Reversing the gaze

Culture keepingDespite the stacks of "regular" books on my nightstand, it is rare that I make time to read a book that is not a required text for one of my courses. I made an exception, however, with Culture Keeping: White Mothers, International Adoption and the Negotiation of Family Difference by Heather Jacobson.

I was contacted by the publisher and asked if I would read and review the book. I'm so glad I made the time. In light of a lot of the discussions I've been part of (as subject, link, or participant) lately in the blog-o'sphere, especially with the young teen starlet who likes to make "goofy faces," this book is all the more relevant in the whole context of international and transracial adoption discourse.

Although I'm not personally mentioned (she mentions adult adoptee blogs and forums), Jacobson does mention the huge influence that adult Korean adoptees have made on the way in which adoption agencies now think of "culture keeping" and the encouragement they give adoptive parents to engage in incorporating their internationally adopted child's ethnic culture into the family. Jacobson writes,

"These cautionary tales from the past have had a profound effect on how the adoption community (and industry) approaches the ethnic socialization of internationally adopted children. Contemporary adoption practices, policy, and international adoption discourse now emphasize the importance of culture keeping."

I thought it was interesting that in this study Jacobson compares the culture-keeping of White adoptive parents who adopt from Russia with those who adopted children from China. The practices and extent of culture keeping vary quite a lot between these two families. A big part of why this is has to do with race; the visible differences for the Chinese adoptive families compared to the Russian adoptive families, who can choose whether or not to disclose the adoption, means that for the Russian adoptive families the lack of racial differences (although the cultural differences are huge) could be a reason to not engage in culture keeping.

I liked that Jacobson ties in the responsibilites of culture keeping as an expectation placed on the mother, and that definitely is what I've seen in my own practice experiences. Whether it is in the contexts of adoption or in parenting in general, there exists a noticeable silence about fatherhood and fathering. Jacobson writes that she did not specify in her call for participants that she was looking only for mothers and in fact, shares that often times adoptive fathers who were contacted "handed over" the project to their wives almost as if there was an acknowledgment that it was their wive's job to do the culture keeping (Jacobson's sample had 46 participants – six were fathers. Single parents and GLBT parents were also in her sample).

One of the findings from this study (and although it is no real surprise to me, it is still somewhat shocking) is how much the adoptive parents of Chinese children did not consider having a racially and ethnically Asian child to be problematic in the same ways as if they had adopted a Black or African child.  Those who chose not to adopt a Black child often did so because of racist family members who would not accept a Black child but didn't object to an Asian child; often the "model minority" stereotype was a factor, and some seemed to encourage that stereotype. To me, this reinforced the perception that there is little or no racism towards Asians, which is false. This is also worrisome to me because it seems to suggest that adoptive parents actively encourage stereotyping and promotes a racial hierarchy.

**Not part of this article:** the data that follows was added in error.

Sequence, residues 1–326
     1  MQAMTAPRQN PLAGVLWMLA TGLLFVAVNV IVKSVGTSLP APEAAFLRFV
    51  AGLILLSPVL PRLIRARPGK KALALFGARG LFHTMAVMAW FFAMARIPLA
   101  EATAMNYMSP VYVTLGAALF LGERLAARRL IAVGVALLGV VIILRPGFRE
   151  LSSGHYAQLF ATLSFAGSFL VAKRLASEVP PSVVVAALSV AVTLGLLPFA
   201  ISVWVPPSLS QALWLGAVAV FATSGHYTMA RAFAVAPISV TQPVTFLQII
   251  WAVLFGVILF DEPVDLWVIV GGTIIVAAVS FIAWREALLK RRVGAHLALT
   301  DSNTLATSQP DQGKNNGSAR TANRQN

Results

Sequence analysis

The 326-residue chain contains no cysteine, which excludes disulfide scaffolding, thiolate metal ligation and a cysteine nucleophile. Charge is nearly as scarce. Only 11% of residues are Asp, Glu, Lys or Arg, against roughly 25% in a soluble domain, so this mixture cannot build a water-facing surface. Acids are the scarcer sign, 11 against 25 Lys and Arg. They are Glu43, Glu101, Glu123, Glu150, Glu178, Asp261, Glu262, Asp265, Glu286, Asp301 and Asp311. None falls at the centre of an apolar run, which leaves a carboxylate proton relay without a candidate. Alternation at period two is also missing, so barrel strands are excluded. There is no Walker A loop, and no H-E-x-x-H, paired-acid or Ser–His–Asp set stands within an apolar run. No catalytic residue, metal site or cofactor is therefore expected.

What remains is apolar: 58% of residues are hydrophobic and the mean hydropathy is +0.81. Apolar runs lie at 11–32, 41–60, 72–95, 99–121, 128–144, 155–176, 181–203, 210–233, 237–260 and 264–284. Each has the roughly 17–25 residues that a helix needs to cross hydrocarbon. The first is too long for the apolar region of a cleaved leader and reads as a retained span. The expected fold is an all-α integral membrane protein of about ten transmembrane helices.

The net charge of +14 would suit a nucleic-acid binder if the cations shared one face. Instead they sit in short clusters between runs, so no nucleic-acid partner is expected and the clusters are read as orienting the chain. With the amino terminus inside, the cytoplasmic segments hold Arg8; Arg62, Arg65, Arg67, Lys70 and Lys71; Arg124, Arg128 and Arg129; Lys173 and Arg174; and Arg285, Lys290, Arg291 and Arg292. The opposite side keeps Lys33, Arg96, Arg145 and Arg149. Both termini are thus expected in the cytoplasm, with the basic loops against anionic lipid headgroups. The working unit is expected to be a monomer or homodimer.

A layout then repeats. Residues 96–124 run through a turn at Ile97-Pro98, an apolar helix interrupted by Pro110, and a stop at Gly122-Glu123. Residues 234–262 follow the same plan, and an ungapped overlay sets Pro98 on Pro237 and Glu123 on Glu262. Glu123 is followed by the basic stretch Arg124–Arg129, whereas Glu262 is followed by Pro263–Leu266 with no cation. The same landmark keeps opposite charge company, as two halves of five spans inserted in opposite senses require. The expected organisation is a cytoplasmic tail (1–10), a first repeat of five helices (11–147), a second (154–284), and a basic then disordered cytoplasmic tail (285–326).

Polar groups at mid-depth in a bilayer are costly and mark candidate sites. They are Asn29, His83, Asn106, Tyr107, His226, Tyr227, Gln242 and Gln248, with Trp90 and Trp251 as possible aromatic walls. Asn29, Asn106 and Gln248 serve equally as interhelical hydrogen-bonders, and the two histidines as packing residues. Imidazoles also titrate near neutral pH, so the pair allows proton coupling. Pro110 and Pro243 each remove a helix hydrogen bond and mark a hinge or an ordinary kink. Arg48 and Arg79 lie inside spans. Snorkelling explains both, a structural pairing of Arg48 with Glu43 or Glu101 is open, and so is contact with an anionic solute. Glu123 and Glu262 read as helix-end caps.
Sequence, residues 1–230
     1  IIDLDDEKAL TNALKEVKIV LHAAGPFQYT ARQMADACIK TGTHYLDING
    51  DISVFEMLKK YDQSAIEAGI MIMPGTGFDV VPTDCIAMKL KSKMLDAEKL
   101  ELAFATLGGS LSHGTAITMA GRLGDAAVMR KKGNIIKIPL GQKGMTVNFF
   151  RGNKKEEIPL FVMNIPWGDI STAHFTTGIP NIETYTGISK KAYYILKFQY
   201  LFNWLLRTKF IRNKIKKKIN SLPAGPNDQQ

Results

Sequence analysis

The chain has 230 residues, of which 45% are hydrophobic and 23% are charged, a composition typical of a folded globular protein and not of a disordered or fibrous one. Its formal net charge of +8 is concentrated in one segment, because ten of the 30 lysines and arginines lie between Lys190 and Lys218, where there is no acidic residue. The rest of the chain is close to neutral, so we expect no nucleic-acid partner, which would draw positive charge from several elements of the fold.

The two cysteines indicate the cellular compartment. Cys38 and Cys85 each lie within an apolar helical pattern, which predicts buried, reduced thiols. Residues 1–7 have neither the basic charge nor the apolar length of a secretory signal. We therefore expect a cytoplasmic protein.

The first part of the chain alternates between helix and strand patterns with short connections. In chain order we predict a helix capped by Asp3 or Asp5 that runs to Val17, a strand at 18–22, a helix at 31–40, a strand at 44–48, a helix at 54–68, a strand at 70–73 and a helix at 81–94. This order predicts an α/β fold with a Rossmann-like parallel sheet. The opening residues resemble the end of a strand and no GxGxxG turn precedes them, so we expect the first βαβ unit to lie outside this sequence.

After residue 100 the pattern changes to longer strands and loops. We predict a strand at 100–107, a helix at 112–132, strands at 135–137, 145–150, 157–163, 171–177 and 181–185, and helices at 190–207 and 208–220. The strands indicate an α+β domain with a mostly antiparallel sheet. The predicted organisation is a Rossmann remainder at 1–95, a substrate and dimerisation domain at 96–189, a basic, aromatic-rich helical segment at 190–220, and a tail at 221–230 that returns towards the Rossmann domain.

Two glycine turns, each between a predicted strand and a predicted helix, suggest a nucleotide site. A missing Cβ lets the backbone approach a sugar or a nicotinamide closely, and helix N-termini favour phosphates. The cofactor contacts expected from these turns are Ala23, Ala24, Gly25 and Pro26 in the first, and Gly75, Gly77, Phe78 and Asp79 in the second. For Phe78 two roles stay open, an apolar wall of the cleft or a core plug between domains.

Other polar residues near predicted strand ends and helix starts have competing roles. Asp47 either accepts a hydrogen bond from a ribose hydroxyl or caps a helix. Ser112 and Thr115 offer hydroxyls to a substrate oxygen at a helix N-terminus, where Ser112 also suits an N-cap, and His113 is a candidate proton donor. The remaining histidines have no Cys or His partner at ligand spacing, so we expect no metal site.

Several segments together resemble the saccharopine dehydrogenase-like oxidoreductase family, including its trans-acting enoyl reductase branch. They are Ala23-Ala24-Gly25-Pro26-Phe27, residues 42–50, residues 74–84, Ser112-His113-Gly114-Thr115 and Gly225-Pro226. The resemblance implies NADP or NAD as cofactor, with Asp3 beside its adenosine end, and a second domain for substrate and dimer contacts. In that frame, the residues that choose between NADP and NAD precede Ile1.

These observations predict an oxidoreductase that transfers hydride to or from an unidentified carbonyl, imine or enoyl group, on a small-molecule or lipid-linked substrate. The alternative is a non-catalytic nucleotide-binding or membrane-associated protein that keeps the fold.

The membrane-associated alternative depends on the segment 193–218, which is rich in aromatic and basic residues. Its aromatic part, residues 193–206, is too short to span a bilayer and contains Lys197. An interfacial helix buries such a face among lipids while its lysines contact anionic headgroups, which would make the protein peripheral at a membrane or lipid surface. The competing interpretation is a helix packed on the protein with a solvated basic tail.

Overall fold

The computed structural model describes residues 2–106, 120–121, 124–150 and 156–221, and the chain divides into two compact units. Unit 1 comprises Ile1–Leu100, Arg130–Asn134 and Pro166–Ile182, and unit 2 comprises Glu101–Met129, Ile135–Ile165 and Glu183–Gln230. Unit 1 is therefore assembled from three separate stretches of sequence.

I was also interested to read Jacobson's critique that although parents of Chinese children often participated in culture and language schools and camps, FCC, and participated in what I call the "tourist" version of cultures (that which can be purchased), that

"the China-adoptive mothers I interviewed did not look to Chinese or Asian American mothers as role models for how to raise their children, nor did they see themselves as connected to earlier international-adoptive mothers (with children from Korea, for example) or interracial (biological) families. Rather, they…considered themselves "pioneers" when it came to raising their daughters."

Jacobson also finds in her study is that despite the heartfelt attempts to recognize the importance of keeping their child connected in some way to their ethnic cultures, many of these adoptive parents struggled with how much and in what ways to do so. Some, it seems, felt pressured by other FCC families they know who seemed to be doing "more" in terms of culture keeping. However, as Jacobson recognizes, these attempts towards "authentic" Chinese culture that many of the adoptive parents wanted reflected only a certain kind of "Chinese" culture – that is China as in the country of China (far away) or Chinese immigrant communities. Jacobson found that China-adoptive parents determined that Chinese immigrants practiced a "more genuine Chinese culture" and not a "watered-down version of Chinese-ness" and furthermore, these adoptive parents were disinterested in current modern, Chinese American history or politics.

Overall, I thought this book was definitely thought-provoking and highly recommend it. One thing I was thinking about as I read this, was the idea of "reversing the gaze."* Reversing the gaze here in this context is about how the adoptive parents construct ideas and activities around culture and race rather than looking at how the adopted children construct their identiies in terms of culture and race. Frankly, I'm getting kind of tired reading about how we adoptees are doing; I'm interested in how adoptive parents are doing too.

*thanks to Indi for the information on "reversing the gaze."

* ETA 3/2 – Although this book is based on a research study, I wanted to let people know it's a very accessible and easy to read book!